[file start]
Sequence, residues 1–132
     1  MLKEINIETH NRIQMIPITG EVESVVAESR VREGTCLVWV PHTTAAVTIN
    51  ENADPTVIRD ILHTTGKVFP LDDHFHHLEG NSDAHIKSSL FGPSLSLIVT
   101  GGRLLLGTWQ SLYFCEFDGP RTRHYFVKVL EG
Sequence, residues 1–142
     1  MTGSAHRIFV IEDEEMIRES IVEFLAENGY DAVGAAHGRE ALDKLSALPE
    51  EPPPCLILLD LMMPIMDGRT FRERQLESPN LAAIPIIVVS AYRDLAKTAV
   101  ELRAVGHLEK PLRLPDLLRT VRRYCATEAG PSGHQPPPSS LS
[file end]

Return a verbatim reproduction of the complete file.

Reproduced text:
Sequence, residues 1–132
     1  MLKEINIETH NRIQMIPITG EVESVVAESR VREGTCLVWV PHTTAAVTIN
    51  ENADPTVIRD ILHTTGKVFP LDDHFHHLEG NSDAHIKSSL FGPSLSLIVT
   101  GGRLLLGTWQ SLYFCEFDGP RTRHYFVKVL EG
Sequence, residues 1–142
     1  MTGSAHRIFV IEDEEMIRES IVEFLAENGY DAVGAAHGRE ALDKLSALPE
    51  EPPPCLILLD LMMPIMDGRT FRERQLESPN LAAIPIIVVS AYRDLAKTAV
   101  ELRAVGHLEK PLRLPDLLRT VRRYCATEAG PSGHQPPPSS LS